With 4-5+ million users, and new accounts added at an estimated 5-10,000 daily, and mentions on traditional media, Twitter (website) seems to have become mainstream. It’s one of those simple internet ideas that has taken on a life of its own. And spawned countless complementary applications.
One such application, Summize, was purchased by Twitter last year and, apparently is soon to be integrated into the Twitter user’s interface. Appropriately renamed Twitter Search, this app is available at http://search.twitter.com.
Twitter Search enables a search of all tweets–not just those of people you follow–in real time based on a keyword or keyword phrase. Unlike Google, Yahoo! or other search engines, Twitter Search returns relevant tweets based on recency. There is also an advanced search to filter your Twitter search results by names, locations, hashtags (info), attitude, or the inclusion of links.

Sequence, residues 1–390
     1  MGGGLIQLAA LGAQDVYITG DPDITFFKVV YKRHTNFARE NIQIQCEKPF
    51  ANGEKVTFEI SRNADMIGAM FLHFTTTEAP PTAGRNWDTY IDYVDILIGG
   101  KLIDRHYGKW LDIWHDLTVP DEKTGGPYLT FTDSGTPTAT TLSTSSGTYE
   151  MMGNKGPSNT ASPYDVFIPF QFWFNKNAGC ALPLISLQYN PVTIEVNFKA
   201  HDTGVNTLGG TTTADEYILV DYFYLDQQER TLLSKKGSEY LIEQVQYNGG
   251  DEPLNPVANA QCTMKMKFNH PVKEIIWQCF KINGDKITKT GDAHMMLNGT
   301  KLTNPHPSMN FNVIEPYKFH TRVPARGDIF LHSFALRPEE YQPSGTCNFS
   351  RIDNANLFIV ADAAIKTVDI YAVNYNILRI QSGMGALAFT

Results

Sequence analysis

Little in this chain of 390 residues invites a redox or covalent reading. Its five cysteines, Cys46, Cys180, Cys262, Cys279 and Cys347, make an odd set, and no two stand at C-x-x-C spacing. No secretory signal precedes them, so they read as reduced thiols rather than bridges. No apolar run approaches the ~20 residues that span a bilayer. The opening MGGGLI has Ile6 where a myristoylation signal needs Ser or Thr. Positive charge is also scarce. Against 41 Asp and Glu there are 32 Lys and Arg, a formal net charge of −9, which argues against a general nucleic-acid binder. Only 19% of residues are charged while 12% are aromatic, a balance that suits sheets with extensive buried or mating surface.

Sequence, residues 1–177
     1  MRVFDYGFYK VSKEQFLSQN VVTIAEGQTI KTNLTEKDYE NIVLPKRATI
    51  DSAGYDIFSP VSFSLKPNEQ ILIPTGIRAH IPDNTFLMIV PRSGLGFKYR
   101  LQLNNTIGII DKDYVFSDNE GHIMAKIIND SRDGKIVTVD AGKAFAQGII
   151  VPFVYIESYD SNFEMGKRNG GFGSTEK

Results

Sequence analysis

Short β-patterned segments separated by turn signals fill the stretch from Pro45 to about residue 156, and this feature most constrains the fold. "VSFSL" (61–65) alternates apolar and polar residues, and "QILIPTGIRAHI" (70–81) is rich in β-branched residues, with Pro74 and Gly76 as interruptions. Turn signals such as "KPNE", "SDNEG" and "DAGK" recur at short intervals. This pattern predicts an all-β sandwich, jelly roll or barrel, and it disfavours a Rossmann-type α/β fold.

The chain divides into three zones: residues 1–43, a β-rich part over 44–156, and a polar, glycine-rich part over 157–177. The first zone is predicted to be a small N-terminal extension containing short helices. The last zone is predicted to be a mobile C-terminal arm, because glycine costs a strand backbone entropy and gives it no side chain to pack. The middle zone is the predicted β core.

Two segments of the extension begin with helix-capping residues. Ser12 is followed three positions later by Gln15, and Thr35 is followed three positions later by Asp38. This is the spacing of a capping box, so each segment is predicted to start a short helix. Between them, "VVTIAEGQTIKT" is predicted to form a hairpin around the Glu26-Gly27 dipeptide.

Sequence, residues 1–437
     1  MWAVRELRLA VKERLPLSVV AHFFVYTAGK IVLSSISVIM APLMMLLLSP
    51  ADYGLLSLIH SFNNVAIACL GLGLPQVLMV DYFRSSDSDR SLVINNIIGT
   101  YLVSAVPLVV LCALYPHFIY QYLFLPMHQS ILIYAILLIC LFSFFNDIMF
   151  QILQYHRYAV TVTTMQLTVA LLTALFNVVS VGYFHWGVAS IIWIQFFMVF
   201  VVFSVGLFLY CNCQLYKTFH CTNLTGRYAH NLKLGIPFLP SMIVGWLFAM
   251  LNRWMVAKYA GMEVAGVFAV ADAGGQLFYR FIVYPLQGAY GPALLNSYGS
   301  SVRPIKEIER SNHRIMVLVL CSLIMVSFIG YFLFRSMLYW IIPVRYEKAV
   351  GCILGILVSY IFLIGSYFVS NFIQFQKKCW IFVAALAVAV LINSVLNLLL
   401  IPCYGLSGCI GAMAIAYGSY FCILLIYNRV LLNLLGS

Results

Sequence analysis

At any given time, there is bound to be someone tweeting about whatever is going on in the world–whether it’s a sporting event, a television show, an earthquake, or a conference. People are also tweeting opinions, reviews, interesting articles, new product announcements, events, and much, much more. I searched for “twitter search” and found this tweeted 22 minutes prior to my search:
From the searcher’s perspective, the great value of tweets is that they are 100% user generated–it’s the equivalent of word-of-mouth marketing. And since each post is limited to 140 characters, a Twitter Search results page is a very quick read.
I can’t tell you how many searches are conducted on Twitter Search each month because I couldn’t find the data anywhere. But my assumption is that it is growing…and fast. ComScore (website) tracks search engine volume each month, but does not include Twitter Search data. It is unclear if this is due to a low volume on Twitter Search or just a lack of tracking on the part of ComScore.
What we do know is the websites on the low end of the December search volumes were:
- Facebook with 161 million searches
- Amazon properties with 204 million searches
- Craigslist with387 million searches
Time will tell whether Twitter Search will become as mainstream as Twitter itself–or even the traditional search engines. Integration with the user’s Twitter interface should help increase its use exponentially. In the meantime, I’ll continue to add to it’s search volume. How about you?
HubSpot’s “State of the Twittersphere” Report